Recommender systems play a crucial role to alleviate the information overload in the era of information explosion. Collaborative filtering is one of the most popular techniques to build modern recommender systems, which models users’ preference towards items by utilizing the history of user-item interactions such as ratings (Sarwar et al., 2001). In addition to the user-item interactions, social relations between users provide another stream of potential information of users’ preference. As argued in social theories, people in social networks are influenced by their social connections, which leads to the homophily phenomenon of similar preference in social neighbors (Bakshy et al., 2012; O’keefe, 2002; Fan et al., 2019a, b). More specifically, information diffuses through social interactions and users tend to acquire and disseminate information through social networks. Thus, social relations can play an important role in describing the preferences of users, which, in turn, can help build good recommender systems. In fact, social relations have been shown to boost the performance of recommender systems (Jamali and Ester, 2010; Tang et al., 2013a; Fan et al., 2019b, a).
Recent years have witnessed the great success of deep neural networks on various areas such as computer vision (CV)(Wang and Yeung, 2013), speech recognition (Hinton et al., 2012)
and Natural Language Processing (NLP)(Kalchbrenner et al., 2014). It is not surprising that deep neural networks are adopted to enhance recommender systems. Some recent proposed recommender systems facilitate deep neural networks as feature learning tools to extract useful features from auxiliary information such as text description of items (Wang et al., 2015; Kim et al., 2016; Chen et al., 2018), audio of music (Van den Oord et al., 2013; Wang and Wang, 2014) and visual information of images (Zhao et al., 2016), while others (He et al., 2017) try to utilize deep neural networks to capture the non-linearity between user-item interactions. There are some recent works utilizing deep neural networks for social recommendations (Deng et al., 2017; Wang et al., 2017a; Fan et al., 2019b, a; Fan et al., 2018). For example, GraphRec (Fan et al., 2019b) proposes a graph neural networks framework for social recommendation, which aggregates both user-item interactions information and social interaction information when performing prediction; DASO (Fan et al., 2019a) harnesses the power of adversarial learning to dynamically generate ”difficult” negative samples, learn the bidirectional mappings between the social domain and item domain.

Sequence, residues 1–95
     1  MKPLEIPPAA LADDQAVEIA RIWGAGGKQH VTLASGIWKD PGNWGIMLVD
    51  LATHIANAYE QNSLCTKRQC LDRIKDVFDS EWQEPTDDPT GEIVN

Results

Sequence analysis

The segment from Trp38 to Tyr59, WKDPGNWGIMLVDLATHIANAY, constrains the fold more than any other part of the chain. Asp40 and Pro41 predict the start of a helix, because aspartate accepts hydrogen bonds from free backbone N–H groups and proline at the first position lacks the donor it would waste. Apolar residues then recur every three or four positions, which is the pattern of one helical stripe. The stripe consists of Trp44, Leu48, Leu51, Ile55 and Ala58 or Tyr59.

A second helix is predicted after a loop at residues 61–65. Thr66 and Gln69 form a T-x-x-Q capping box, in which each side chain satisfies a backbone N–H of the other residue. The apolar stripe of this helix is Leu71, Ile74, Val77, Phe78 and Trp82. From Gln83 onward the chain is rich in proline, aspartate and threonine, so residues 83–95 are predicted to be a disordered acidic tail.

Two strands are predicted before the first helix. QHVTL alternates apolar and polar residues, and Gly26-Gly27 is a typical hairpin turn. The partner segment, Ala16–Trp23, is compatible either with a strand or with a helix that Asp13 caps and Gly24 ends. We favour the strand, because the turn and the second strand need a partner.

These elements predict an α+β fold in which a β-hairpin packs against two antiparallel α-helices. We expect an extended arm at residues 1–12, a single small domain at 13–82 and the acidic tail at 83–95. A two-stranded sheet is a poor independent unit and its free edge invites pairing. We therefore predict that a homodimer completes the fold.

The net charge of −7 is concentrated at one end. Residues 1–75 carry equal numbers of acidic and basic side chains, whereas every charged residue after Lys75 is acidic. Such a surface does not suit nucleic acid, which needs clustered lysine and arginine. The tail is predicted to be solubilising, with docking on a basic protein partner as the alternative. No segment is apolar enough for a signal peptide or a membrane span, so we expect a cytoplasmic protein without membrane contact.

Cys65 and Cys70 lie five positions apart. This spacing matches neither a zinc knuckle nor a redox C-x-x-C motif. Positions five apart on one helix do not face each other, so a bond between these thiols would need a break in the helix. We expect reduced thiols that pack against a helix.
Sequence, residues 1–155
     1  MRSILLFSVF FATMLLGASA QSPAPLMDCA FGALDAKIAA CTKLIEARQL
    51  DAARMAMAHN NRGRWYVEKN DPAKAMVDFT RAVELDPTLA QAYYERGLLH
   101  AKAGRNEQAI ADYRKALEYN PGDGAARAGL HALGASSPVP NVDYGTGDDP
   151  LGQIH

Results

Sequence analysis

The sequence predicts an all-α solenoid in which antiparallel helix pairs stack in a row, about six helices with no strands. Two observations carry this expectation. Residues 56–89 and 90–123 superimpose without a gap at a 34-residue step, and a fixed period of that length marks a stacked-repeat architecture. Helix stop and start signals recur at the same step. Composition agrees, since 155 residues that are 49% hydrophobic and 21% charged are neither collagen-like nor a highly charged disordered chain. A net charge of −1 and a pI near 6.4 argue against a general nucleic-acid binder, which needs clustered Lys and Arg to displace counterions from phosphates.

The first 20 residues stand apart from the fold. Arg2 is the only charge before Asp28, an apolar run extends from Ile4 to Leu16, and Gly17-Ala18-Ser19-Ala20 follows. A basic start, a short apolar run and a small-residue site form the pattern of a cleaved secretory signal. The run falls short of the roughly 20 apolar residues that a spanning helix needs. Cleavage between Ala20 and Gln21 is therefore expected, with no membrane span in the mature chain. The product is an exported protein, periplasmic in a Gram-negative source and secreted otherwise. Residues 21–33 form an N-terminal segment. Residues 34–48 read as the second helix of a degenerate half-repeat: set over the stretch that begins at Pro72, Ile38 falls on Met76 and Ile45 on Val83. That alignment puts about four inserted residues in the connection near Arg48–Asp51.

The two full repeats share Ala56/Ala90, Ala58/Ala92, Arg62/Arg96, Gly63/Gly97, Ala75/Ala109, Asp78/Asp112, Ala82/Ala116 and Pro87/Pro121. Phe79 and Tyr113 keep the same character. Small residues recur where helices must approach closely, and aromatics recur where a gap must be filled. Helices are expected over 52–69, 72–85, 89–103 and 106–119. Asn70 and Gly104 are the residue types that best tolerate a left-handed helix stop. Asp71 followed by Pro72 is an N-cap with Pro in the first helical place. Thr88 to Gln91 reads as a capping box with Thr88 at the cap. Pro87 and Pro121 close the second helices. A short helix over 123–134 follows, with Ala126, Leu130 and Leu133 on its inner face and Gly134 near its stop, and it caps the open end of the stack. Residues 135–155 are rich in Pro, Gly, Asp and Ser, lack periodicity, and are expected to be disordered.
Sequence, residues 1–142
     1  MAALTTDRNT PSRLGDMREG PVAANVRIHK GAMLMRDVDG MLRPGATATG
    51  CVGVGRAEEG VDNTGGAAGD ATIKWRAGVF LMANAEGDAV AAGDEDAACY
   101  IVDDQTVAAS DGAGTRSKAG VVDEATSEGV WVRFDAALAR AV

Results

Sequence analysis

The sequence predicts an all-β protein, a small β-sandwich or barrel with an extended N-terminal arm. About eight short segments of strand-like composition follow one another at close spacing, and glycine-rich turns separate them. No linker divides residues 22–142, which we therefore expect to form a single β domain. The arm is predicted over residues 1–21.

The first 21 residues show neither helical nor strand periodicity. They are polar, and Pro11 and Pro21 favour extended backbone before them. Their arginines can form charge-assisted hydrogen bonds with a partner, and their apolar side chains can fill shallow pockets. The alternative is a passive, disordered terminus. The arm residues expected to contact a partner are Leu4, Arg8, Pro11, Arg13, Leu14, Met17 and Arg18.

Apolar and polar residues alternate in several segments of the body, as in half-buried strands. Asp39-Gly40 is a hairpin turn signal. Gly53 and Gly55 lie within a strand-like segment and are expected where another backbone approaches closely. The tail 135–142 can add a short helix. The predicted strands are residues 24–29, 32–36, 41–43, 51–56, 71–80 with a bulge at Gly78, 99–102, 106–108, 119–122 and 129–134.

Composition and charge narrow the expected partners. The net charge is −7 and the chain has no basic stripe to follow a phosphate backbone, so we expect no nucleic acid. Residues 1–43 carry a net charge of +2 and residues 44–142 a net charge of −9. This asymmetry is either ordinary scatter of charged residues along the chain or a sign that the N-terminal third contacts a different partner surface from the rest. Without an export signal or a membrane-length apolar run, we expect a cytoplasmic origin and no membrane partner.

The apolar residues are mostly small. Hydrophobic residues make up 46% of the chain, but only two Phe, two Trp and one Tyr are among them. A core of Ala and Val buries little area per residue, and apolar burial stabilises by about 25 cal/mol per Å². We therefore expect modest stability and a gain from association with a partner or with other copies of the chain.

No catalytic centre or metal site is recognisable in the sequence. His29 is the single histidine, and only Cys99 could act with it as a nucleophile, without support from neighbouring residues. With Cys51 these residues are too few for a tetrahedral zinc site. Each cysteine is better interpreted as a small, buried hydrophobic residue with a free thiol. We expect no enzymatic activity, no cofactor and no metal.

Although the aforementioned deep social recommender systems facilitate the social network information to enhance the recommendation performance, they do not fully take advantage of social network information. First, most of them only involve direct neighbors, while information from users that are a few hops away could also be helpful (Tang et al., 2013a, b). The reasons are as follows: 1) information is diffusing through the social network and users might be affected by indirect neighbors; and 2) users might refer to distant neighbors (or weak ties), when the direct neighbors cannot share useful information. Therefore, it is desired to consider the distant social relations for recommender systems. Second, most of the aforementioned methods treat neighbors’ information equally for all recommendation cases. However, not all information from neighbors are useful when the recommender system is performing a specific recommendation. For example, when predicting whether a user will purchase an iPhone X, the interactions between his/her friends and iPhone X or other iPhone related items might be helpful while the interactions between his/her friends and Nike shoes might not be relevant. Therefore, it is necessary to filter information from neighbors. Finally, most of the deep social recommender systems do not consider the users’ opinions towards items, which are usually expressed in the forms of reviews or ratings. It is obvious that bad and good opinions from a user’s friends would affect the user’s decision in tremendously different ways. Hence, it is desired to carefully consider the opinions of user-item interactions.